Falk's respected translations bear out these assertions. Why the avoidance of a discussion around these themes in the Song in the context of both daily worship and larger issues? Should we ask, does the Song embrace a vision of love and equality in the context of the physical, relational human existence into which God has delivered us? Why not use this most lyrical segment of the canon to reach those who would exclude with or feel excluded by other passages in different books of the Bible, proving if nothing else the possibility of another reality -- and the illogic of the literalist rationale against gay unions, gay love, gay families.

"Scripture cannot be used in isolation as the norm for Christian life and the source of knowledge for the exercise of moral judgement," reads the Draft. "The Lutheran tradition, then, is open to human knowledge insofar as it encourages the good of the neighbor, protects against harm, and does not make false claims about God." The Draft of course says a lot more about sexuality in general and same-sex relationships in particular. I'll pause for now at advocacy for open study of the Song of Songs in this and other contexts.

Sunday, August 10, 2008

dining out

So yesterday was clearly Food Day for me, starting at the Farmer's Market and ending at Figlio in Uptown. Cathie and I went to dinner, to celebrate not being at work -- and to recognize all the things we've accomplished together this year. Here's to us.

Figlio has been a dining fixture in Uptown since forever -- since I used to date. Since they built the Calhoun Square shopping center where the restaurant is located, most likely, which makes it late-Eighties. The food has never sucked. There's always something really yummy on their over sized menu, which hasn't deviated much through the years -- great pastas, great pizzas, pretty basic meat entrees and sandwiches and salads but always with a twist. The Polla Mattone is a classic -- a pressed chicken breast cooked with 20 cloves of garlic served atop spaghettini. The Carpaccio is probably my Favorite Appetizer of all time -- thinly sliced raw beef with olive oil, a hard and fragrant cheese (I forget which, frankly, but it's something common), capers, and a little toast and lemon. MMM. I love raw stuff -- most of my other Favorite Appetizers are served at Origami, the Twin Cities' best Sushi restaurant.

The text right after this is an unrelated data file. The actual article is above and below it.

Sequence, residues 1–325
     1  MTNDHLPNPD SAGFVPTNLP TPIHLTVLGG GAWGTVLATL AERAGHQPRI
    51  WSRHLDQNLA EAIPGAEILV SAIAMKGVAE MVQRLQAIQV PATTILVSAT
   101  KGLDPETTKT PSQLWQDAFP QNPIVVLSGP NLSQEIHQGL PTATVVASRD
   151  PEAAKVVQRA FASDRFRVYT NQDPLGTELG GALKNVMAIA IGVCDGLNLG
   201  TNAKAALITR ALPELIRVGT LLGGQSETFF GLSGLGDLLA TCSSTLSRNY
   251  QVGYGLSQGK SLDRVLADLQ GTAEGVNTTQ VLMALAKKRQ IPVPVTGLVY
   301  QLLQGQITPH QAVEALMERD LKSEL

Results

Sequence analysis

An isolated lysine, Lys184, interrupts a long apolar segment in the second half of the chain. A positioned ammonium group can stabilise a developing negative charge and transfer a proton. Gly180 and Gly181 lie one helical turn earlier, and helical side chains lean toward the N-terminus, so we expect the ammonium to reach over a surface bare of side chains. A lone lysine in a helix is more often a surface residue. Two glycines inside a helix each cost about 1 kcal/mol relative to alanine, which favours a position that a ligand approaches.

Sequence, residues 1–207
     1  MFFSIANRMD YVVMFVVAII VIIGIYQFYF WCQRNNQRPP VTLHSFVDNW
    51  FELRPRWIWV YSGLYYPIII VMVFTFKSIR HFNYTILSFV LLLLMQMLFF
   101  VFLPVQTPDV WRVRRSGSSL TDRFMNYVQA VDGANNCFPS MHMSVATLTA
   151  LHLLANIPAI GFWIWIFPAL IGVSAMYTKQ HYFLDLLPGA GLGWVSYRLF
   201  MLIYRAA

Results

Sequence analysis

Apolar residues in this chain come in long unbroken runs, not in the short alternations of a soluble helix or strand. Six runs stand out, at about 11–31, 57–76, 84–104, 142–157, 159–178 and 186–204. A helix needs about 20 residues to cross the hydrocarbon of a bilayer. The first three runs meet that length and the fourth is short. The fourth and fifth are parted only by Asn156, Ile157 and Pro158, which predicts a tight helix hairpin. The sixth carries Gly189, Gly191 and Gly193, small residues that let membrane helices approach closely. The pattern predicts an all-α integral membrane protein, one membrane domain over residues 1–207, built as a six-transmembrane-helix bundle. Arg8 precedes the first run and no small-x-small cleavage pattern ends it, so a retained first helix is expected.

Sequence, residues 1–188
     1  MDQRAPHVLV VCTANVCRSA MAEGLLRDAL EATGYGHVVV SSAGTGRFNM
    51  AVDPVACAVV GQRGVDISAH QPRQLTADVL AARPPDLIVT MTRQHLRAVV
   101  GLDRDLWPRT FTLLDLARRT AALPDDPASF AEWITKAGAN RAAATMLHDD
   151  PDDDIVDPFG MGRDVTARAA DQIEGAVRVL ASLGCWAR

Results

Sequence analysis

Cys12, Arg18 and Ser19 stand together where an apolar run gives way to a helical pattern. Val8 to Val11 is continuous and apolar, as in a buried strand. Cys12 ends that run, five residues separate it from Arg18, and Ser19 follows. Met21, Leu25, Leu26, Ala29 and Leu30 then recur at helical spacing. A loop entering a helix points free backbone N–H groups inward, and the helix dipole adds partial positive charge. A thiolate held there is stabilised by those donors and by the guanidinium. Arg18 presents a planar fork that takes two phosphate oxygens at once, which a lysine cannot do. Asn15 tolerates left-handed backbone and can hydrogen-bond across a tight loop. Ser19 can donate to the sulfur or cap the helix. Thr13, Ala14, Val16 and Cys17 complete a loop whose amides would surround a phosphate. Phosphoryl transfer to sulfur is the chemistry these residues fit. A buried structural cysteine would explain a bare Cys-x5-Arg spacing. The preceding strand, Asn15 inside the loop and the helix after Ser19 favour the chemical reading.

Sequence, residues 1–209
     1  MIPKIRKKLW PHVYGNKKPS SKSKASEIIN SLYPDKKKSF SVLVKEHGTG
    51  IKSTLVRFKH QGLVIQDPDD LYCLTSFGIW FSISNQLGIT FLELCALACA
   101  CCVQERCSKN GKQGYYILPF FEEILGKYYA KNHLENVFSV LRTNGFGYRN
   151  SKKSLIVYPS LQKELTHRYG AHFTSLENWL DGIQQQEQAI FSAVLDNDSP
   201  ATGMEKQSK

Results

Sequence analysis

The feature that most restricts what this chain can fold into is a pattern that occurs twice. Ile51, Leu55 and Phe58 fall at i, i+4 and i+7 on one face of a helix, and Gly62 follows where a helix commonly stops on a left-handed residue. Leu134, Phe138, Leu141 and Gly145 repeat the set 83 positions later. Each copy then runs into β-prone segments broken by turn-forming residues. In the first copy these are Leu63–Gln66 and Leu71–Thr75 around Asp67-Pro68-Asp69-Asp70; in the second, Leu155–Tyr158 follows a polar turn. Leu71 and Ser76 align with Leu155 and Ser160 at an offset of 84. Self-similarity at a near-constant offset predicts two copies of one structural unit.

Anyway -- we were headed for the Black Forest, a German place that neither of us has been to in a while, but Cathie's car had other ideas. After looking around for a parking spot for about fifteen minutes, we found a broken meter in an ideal location, a meter that turned out to be just pouty rather than broken -- we fed it an extra buck, and it relented, the "failed" display suddenly replaced by an increasing account of allowable minutes. We banked 2 hours 30, and still used it all up in our quest to be Utterly Fed.

Cathie had the Tagliatelle, and I had the Capellini. Carpaccio of course, and some sweet potato fries (calorie counters be damned, because if you're going to shell out $50 per person you may as well get your money's worth.) I had a Lake Street Lemonade, the only disappointment of the evening -- a weak-ass mixed drink. After dinner we refused the dessert menu (there simply wasn't space left inside us) and instead Cath had coffee and I had a glass of Port. I love Port. I suspect it's a Grandma drink, but I love it. And I love the little glasses it's served in, which display the drink the way a beautifully designed setting holds the gem in a ring. It wasn't a particularly special Port, a Cockburn in fact, but still a lovely end to a satisfying meal. It should be noted that our entrees were a bit speedy and arrived ahead of the appetizers -- and the service was just standard -- but none of that seemed egregious.